Remember the Deepwater Horizon BP Oil Disaster? Remember the underwater cameras that showed that never-ending plume of oil pouring into the Gulf of Mexico for week after week, month after month? BP and the rest of the oil industry would like you to forget that. Alas, they left a permanent calling card:
New research shows that the BP oil spill left an oily “bathtub ring” on the sea floor that’s about the size of Rhode Island. The study by UC Santa Barbara’s David Valentine, the chief scientist on the federal damage assessment research ships, estimates that about 10 million gallons of oil coagulated on the floor of the Gulf of Mexico around the damaged Deepwater Horizons oil rig. Valentine said the spill left other splotches containing even more oil. The rig blew on April 20, 2010, and spewed 172 million gallons of oil into the Gulf through the summer.
As most of us recall, a great deal of the oil washed ashore on Florida, Texas and Louisiana beaches. David Valentine has spearheaded
the effort to find out where all of the rest of the oil went:
He and his team explored hundreds of kilometers of the Gulf, finding “patterns in all those areas that pointed us right back to the Deepwater Horizon source.”
“At a small scale, it’s like a splatter: It landed in small drops, bigger drops, and there may even be some giant drops out there,” Valentine says. “It splattered on the seafloor in such a way that if you took five samples within a few feet of each other, you might see a hundredfold difference in the amount of oil between each other.”
The oil droplets, he and his team found, sank about a centimeter or two into the seabed. On deep sea coral in particular, they settled in “a very large area of very high concentration.”
of approximately 2 million barrels of oil thought to be trapped in the deep ocean has been a mystery. The study
confirms that between 4-30 percent of that oil (or between 2 and 16% of the total amount of oil discharged due to the disaster) is found within a 1250 square mile patch of sea floor
, surrounding the Deepwater Horizon rig.
The fallout of oil created thin deposits that are most extensive to the southwest of the Macondo Well. The oil is concentrated in the top half-inch of the sea floor and is patchily distributed.
The investigation focused primarily on hopane, a nonreactive hydrocarbon that served as a proxy for the discharged oil.
The researchers analyzed the distribution of hopane in the northern Gulf of Mexico and found that it was concentrated in a thin layer at the sea floor within 25 miles of the ruptured well, clearly implicating Deepwater Horizon as the source.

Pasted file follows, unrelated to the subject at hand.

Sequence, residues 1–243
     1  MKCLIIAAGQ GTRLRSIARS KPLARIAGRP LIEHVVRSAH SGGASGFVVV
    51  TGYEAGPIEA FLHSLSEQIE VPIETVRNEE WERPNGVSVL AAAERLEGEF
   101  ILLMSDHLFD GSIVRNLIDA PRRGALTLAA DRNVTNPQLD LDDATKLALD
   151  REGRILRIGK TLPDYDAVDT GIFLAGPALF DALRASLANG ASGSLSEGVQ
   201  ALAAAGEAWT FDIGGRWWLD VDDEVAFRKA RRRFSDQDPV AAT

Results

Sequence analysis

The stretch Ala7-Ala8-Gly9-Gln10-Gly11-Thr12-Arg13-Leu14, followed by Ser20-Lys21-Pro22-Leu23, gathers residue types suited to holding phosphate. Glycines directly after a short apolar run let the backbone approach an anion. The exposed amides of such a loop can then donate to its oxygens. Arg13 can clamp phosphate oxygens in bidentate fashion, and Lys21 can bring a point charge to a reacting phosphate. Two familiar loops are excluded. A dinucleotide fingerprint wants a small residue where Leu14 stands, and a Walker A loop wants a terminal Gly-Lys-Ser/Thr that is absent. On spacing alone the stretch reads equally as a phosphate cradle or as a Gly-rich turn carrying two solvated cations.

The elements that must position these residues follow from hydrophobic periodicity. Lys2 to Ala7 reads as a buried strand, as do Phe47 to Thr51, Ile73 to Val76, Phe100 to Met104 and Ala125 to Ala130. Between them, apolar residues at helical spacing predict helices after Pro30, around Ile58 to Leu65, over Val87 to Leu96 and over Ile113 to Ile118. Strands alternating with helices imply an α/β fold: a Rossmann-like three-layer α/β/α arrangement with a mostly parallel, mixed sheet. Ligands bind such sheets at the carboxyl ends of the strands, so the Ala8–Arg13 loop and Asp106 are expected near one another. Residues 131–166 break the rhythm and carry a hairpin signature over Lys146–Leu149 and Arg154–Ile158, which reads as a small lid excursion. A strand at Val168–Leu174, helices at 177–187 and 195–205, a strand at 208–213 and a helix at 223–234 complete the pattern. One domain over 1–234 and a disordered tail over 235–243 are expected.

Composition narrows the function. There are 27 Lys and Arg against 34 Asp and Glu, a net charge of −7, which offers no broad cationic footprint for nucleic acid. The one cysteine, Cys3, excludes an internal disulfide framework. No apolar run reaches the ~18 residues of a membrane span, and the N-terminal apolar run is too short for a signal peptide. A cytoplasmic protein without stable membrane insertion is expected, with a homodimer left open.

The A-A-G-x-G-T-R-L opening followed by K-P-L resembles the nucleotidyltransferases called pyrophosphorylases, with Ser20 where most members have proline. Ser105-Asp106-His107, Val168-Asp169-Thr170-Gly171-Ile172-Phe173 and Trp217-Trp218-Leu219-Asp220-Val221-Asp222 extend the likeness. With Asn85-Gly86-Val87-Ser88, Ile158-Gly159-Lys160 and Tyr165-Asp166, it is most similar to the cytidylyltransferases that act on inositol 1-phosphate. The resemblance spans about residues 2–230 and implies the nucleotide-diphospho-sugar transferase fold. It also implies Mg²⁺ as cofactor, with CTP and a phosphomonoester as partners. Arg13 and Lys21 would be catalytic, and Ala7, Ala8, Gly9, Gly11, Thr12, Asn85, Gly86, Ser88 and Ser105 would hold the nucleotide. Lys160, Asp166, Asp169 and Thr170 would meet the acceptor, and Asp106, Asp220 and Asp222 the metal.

The study's author David Valentine describes its findings as ”a smokingly clear signal, like a bulls-eye” that circles the well, its obvious source.
“The evidence is becoming clear that oily particles were raining down around these deep sea corals,” Valentine added, lending support to findings, hotly contested by BP, that they were damaged by the spill.
One unresolved question is why the oil sank to the ocean floor in the first place, and what caused its dispersal. Oil is generally not disposed to "sink." After the disaster we were treated to a panoply of fascinating theories suggesting that microbes in the water "ate" the oil, causing it to magically disappear. BP cited that theory in the very recent op-ed posted in Politico
, linked above. And indeed, microbes have developed the ability to consume oil coming from natural seepage from the Gulf floor. It is possible that microbes could have "weighed down" the oil, causing it to sink to the ocean floor where it is now.
However, that wouldn't necessarily account for the wide dispersal of the oil. But the two million gallons of toxic dispersants BP poured into the spill might. A possibility, suggested study by co-author Sarah Bagby, is that:
BP’s highly controversial use of dispersants to break up the oil in the spill’s immediate aftermath may have contributed to the problem. Critics see the cleanup method, which BP defends as standard, as part of the company’s attempt to make things look less bad than they are; some suggested, back in 2010, that such attempts would only serve to worsen the spill’s impact in the long-term.
If the dispersant made the oil drops smaller, Bagby explained in an email to Salon, it could account for the wide range of oil they discovered. But “the thing is, there’s no control condition,” she wrote. “We know how big the contamination footprint we observed is, and we know about how much oil has been found there. But is that the result of successful dispersant application (that is, the drops were smaller than they would have been otherwise, and that allowed them to spread this far), or of a failed dispersant application (that is, there wasn’t a substantial or lasting change to the drop size, so the drops settled out where they would have in any case)? That’s not something we’ve been able to address yet.”
BP's response to the study was--I kid you not--to assert that they couldn't prove it was their oil:
"The authors failed to identify the source of the oil, leading them to grossly overstate the amount of residual Macondo oil on the sea floor and the geographic area in which it is found," the company said in a statement to NBC News. "Instead of using rigorous chemical fingerprinting to identify the oil, the authors used a single compound that is also found in every natural oil seep in the Gulf of Mexico, causing them to find false positives all over the sea floor."
The crass level a corporation will go to defend its gross negligence
apparently knows no bounds.